Myths and Folklore Wiki
Myths and Folklore Wiki



Juno is the ancient Roman goddess of marriage and childbirth. She is also the chief goddess, Roman Queen of the Gods (Regina Deorum) and female counterpart of Jupiter. She is the wife and sister to King Jupiter. Juno is considered as the protector and special counselor of the roman state. Juno also looked after the woman of Rome. She is the youngest daughter of Saturn and Ops. Younger sister of Vesta and Ceres and older sister of Jupiter, Neptune and Pluto. Juno was worshipped as one of the Capitoline Triad alongside with her husband Jupiter and Minerva, the goddess of wisdom.

Juno is generally depicted as gracefully beautiful and very tall, who is more warrior-like in nature, as opposed to her Greek counterpart, Hera. She is usually wearing a goatskin coat with a golden crown called polos, carrying a spear and a shield.

Juno's symbols are crown, cypress, pomegranate, lily and lotus. While peacock, lion and cuckoos serves as her sacred animals.

Etymology

The name Juno was also once thought to be connected to Iove (Jove), originally as Diuno and Diove from *Diovona. At the beginning of the 20th century, a derivation was proposed from iuven- (as in Latin iuvenis, "youth"), through a syncopated form iūn- (as in iūnix, "heifer", and iūnior, "younger"). This etymology became widely accepted after it was endorsed by Georg Wissowa.

Iuuen- is related to Latin aevum and Greek aion (αἰών) through a common Indo-European root referring to a concept of vital energy or "fertile time". The iuvenis is he who has the fullness of vital force. In some inscriptions Jupiter himself is called Iuuntus, and one of the epithets of Jupiter is Ioviste, a superlative form of iuuen- meaning "the youngest". Iuventas, "Youth", was one of two deities who "refused" to leave the Capitol when the building of the new Temple of Capitoline Jove required the exauguration of deities who already occupied the site. Juno is the equivalent to Hera, the Greek goddess for woman, marriage, family and childbirth. Juno is the Roman goddess of marriage, family and childbirth. Ancient etymologies associated Juno's name with iuvare, "to aid, benefit", and iuvenescere, "rejuvenate", sometimes connecting it to the renewal of the new and waxing moon, perhaps implying the idea of a moon goddess.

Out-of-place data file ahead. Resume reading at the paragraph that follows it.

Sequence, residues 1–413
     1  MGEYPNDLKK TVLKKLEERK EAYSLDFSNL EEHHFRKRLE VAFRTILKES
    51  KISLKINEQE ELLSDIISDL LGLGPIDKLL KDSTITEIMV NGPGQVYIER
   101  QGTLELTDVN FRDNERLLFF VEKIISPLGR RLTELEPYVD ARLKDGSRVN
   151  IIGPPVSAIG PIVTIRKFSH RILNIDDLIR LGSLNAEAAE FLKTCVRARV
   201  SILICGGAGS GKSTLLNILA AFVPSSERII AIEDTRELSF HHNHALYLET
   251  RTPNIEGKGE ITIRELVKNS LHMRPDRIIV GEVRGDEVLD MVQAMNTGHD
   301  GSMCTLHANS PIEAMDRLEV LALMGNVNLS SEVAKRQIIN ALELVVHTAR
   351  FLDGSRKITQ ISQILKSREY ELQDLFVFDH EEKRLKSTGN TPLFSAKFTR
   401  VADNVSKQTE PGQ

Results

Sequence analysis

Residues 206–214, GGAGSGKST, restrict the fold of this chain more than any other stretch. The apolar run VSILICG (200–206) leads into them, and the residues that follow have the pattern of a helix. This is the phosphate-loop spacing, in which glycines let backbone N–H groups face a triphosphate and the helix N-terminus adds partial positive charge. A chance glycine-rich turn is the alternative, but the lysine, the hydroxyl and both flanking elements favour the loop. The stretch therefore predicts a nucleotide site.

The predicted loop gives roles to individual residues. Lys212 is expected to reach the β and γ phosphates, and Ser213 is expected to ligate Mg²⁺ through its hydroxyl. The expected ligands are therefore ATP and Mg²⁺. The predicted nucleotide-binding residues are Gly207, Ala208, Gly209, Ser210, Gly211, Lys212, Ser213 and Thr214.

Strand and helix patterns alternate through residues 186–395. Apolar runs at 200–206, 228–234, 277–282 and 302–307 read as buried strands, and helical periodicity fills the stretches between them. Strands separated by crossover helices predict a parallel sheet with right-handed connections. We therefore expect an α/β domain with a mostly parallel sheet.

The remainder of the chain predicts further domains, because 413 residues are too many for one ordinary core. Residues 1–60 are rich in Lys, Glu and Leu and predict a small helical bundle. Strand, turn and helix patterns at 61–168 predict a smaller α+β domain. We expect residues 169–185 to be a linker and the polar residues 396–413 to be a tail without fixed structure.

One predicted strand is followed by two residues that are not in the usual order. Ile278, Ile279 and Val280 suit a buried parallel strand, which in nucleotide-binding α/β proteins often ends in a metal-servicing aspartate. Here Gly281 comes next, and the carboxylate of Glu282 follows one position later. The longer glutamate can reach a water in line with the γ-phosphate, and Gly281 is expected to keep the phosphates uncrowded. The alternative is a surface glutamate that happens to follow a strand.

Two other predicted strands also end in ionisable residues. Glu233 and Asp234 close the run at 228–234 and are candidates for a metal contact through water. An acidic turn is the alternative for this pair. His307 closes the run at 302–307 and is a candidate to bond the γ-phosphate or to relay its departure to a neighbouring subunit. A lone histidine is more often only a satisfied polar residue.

Festival

The Matronalia

Like most gods and goddesses, there was a festival in honor of Juno. Matronalia was celebrated on the first of March. Matronalia was a day when husbands were expected to present their wife with gifts. Some say that the festival was made in honor of Juno's son, Mars. While some says, that the celebration was mark of the end of the the Roman-Sabine war, where women played an important role. It is said that the women threw themselves between the factions to restore peace.

In addition to Matronalia, which falls on the first of March, the first of each months were special to Juno. The entire month of June was also considered sacred to her, and it was named in her honor.

The Epithets of Juno

Just like her Greek counterpart, Hera. Juno has many epithets that describe her function or area within the Roman society.

  • Juno Sospita- Juno Sospita refers to Juno’s role as the protector of those in confinement, referring to pregnant women awaiting the impending birth of their child. As a protector, this aspect of Juno is depicted in goatskin, carrying a spear and a shield. Juno Sospita was also the chief deity of Lanuvium, a city located to the southeast of Rome.
  • Juno Lucina- As Juno Lucina, Juno was known as the goddess of childbirth. Lucina, which means “light,” was described as “she who brings children into the light.” Her main duty was to ensure the safety of women in childbirth. In the temple of Juno Lucina, a woman could not present an offering unless all knots in her clothing were untied. It was said that a belt would hinder delivery
  • Juno Moneta- Juno Moneta refers to the goddess of Rome that was the protector of funds. In the Temple of Juno Moneta, the first Roman coins were minted and continued to be minted there for over four centuries.

Juno also has many other epithets that describes her roles and function in the Roman society such as Juno Curitis, Juno Lucetia, Regina Coeli, Juno Caprotina, Juno Cinxia (she who loses the bride's girdle), Juno Tutula, Juno Flounia or Fluvionia and many more.

Mythology

Early Life of Regina Juno

The story of Juno’s creation, was very similar to her Greek counterpart. In the beginning of time, the cosmos was ruled by a god known as Caelus. In time, Caelus’s son Saturn overthrew him and took control of the universe for himself. Saturn united with Ops, the goddess of elemental earth, and sired children with her.

While the children were still growing in Ops’ womb, Saturn learned of a prophecy that predicted his downfall at the hands of one of his offspring. Not knowing who was to take the role of usurper, Saturn ate his first five children, one of whom was Juno. Ops saved the last child, Jupiter, and substituted a rock in his place. When Saturn ate the rock, he came down with a case of indigestion that ultimately caused him to vomit up his children; Juno, Pluto, Neptune, Ceres, and Vesta were soon free. After combining their strength with that of their younger brother Jupiter, the divine siblings took over the world and divided responsibilities amongst themselves.

Family of Juno

Juno's parents is Titan-King Saturn and Titaness-Queen Ops. She had two elder sister which is Vesta, goddess of hearth and Ceres, goddess of agriculture and fertility. Juno also had three younger brother named Jupiter, god of sky and thunder (whom she marry later), Neptune, god of sea and Pluto, god of the underworld and wealth.

Juno is married to her youngest brother, Jupiter. Through their incestous marriage, Juno gave birth to Mars the god of war, Juventus the goddess of youth and rejuvenation, Vulcan the god of blacksmith, Lucina, goddess of childbirth, Bellona, goddess of war, conquest, bloodlust and destruction and lastly Discordia the goddess of discord and strife.

The Household of Goddess Juno